Putting Pants on Philip (1927) A Silent Film Review

Stan Laurel and Oliver Hardy play a recent arrival from Scotland and his uncle, respectively, who run into difficulty when the former’s kilt meets a strong breeze. Can uncle succeed in putting pants on Philip?

This is my contribution to the Laurel and Hardy Blogathon hosted by Movie Movie Blog Blog the Sequel. Be sure to read the other posts!

Home Media Availability: Released on DVD.

Take that, Marilyn

Stan Laurel and Oliver Hardy spent most of 1927 in experimental mode. They were properly co-starred for the first time in Duck Soup but Hardy was back to supporting player in Slipping Wives. However, the appeal of the duo was undeniable and they quickly put together the winning formula that would make them one of the most successful comedy teams in history.

I see what you did there, Mr. Phil M. Daly of Film Daily.

Putting Pants on Philip is sometimes cited as the first “real” Laurel and Hardy picture, though I have to disagree. Duck Soup ticks almost all of the boxes and was advertised as their debut as a duo. It was thought lost for years and due to a lack of information, historians assumed that Hardy played a minor role but the recovered picture shows that he was an equal star onscreen. Yes, they are not quite Laurel & Hardy™ yet in that picture but they’re not all the way there in Putting Pants on Philip either.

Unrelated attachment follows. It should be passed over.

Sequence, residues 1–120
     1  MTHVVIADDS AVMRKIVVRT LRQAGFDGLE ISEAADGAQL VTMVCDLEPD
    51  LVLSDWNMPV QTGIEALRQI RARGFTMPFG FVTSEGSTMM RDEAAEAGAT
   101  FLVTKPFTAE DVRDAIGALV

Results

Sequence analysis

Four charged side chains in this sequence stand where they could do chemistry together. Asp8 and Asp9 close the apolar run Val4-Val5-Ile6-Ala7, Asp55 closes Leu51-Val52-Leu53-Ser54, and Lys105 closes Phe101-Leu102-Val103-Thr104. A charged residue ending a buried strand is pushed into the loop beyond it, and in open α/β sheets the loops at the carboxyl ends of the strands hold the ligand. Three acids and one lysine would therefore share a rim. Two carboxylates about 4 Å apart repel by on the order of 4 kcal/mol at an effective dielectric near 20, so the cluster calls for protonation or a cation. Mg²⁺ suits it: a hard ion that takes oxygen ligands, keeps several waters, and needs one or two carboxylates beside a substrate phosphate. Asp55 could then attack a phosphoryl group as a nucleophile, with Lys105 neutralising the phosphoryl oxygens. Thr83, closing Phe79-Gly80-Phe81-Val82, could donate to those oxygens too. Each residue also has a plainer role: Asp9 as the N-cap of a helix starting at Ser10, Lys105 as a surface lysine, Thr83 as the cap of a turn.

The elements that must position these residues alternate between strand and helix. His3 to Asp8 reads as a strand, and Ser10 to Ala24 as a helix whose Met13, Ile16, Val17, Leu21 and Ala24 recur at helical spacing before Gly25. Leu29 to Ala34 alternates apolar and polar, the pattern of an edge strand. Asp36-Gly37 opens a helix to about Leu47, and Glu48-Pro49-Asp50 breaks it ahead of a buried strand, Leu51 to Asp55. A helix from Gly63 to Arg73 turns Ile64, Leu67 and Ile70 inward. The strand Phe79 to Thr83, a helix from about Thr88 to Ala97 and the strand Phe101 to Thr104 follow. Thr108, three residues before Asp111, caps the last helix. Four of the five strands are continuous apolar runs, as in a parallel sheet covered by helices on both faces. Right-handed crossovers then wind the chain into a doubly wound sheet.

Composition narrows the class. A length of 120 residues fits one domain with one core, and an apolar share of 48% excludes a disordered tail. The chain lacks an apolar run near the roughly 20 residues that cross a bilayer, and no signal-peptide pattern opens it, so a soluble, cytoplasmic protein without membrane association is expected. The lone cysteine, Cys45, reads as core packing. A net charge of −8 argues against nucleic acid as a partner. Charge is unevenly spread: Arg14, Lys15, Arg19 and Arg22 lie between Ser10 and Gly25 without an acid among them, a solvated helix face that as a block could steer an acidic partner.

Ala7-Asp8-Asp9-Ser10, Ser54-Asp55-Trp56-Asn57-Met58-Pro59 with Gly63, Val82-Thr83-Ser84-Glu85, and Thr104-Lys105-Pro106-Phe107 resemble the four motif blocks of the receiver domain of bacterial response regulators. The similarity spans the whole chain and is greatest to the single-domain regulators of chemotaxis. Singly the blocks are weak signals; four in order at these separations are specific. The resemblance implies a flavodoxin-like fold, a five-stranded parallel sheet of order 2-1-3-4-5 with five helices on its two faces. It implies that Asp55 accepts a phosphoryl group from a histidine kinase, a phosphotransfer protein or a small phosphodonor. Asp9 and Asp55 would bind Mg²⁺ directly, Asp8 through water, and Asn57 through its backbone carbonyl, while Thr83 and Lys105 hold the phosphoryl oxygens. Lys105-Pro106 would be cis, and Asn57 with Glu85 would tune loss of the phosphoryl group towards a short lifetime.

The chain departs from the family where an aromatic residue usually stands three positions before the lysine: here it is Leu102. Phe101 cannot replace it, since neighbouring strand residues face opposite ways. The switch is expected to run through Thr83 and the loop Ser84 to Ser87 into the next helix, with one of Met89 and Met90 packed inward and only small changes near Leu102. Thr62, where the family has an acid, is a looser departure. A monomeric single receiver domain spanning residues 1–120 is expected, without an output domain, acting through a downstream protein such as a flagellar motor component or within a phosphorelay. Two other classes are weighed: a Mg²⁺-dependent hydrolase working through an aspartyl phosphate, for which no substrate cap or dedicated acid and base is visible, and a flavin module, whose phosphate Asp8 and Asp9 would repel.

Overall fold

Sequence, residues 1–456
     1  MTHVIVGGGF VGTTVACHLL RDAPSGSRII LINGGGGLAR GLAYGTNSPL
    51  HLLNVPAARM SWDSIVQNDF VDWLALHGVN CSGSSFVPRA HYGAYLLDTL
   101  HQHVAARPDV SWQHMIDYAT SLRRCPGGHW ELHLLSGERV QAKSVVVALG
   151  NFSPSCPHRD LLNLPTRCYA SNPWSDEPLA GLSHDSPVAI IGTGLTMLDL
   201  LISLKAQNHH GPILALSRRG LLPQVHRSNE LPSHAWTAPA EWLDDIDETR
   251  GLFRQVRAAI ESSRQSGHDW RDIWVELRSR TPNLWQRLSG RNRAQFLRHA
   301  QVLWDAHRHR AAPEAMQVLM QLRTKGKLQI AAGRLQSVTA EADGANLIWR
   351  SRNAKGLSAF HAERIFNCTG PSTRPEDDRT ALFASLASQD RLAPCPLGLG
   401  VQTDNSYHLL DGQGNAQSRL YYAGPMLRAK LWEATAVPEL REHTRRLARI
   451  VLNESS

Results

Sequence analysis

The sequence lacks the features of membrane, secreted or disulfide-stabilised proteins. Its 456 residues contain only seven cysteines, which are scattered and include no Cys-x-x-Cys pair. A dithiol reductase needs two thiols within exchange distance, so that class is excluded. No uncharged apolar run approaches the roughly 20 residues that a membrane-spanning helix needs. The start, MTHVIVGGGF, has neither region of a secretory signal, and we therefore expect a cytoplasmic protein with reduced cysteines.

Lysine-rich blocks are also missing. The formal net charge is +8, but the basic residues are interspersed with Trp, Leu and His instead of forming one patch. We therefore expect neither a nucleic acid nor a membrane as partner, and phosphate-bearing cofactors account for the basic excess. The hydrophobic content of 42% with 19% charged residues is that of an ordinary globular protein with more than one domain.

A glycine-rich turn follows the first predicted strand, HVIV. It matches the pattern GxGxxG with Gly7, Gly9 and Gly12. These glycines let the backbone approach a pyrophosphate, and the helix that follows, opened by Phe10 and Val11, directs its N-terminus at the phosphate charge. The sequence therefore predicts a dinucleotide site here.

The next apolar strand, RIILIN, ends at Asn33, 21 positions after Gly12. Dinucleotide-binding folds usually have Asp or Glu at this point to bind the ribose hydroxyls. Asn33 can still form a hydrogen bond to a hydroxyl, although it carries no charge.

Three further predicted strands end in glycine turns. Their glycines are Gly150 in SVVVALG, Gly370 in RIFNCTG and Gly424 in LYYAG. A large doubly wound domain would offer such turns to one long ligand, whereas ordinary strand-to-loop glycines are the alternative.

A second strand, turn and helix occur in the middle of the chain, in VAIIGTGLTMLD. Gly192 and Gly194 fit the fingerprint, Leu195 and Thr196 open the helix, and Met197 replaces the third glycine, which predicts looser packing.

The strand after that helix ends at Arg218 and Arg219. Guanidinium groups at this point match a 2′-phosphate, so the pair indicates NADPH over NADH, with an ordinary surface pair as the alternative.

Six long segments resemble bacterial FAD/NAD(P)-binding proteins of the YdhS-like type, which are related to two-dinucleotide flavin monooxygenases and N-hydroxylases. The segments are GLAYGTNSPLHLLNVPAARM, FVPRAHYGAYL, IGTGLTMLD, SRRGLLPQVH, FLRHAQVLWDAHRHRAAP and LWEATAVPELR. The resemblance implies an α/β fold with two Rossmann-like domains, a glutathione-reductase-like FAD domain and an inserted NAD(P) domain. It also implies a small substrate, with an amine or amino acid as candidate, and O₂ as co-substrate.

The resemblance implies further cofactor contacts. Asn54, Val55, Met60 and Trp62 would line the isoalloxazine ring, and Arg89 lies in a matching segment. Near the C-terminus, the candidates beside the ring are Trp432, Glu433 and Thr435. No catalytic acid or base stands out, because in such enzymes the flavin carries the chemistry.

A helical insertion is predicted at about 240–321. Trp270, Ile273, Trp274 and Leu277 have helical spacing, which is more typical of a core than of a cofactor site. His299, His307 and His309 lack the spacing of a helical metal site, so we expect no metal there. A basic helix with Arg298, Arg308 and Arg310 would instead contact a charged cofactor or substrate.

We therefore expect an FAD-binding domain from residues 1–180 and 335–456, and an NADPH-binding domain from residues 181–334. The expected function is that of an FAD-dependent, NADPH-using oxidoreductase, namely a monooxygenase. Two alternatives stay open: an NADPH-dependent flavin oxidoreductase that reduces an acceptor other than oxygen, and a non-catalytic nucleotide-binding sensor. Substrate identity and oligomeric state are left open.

So, let’s not get too bogged down in the weeds of firsts and move onto what really matters: the comedy of Mr. Laurel and Mr. Hardy. Putting Pants on Philip will come across a bit curious to fans who are used to seeing the duo in their standard characters. In the first place, Hardy plays J. Piedmont Mumblethunder, who fancies himself something of a local power, and Laurel plays Philip, his awkward, backward, skirt-chasing, kilt-wearing nephew. Not a single necktie is waved in the entire picture.

Almost there…

While they are playing different characters, other standard practices of a Laurel and Hardy picture are on display. Hardy plays pompous and officious, Laurel sobs and shrieks when threatened and they both find themselves on the wrong side of the local beat cop.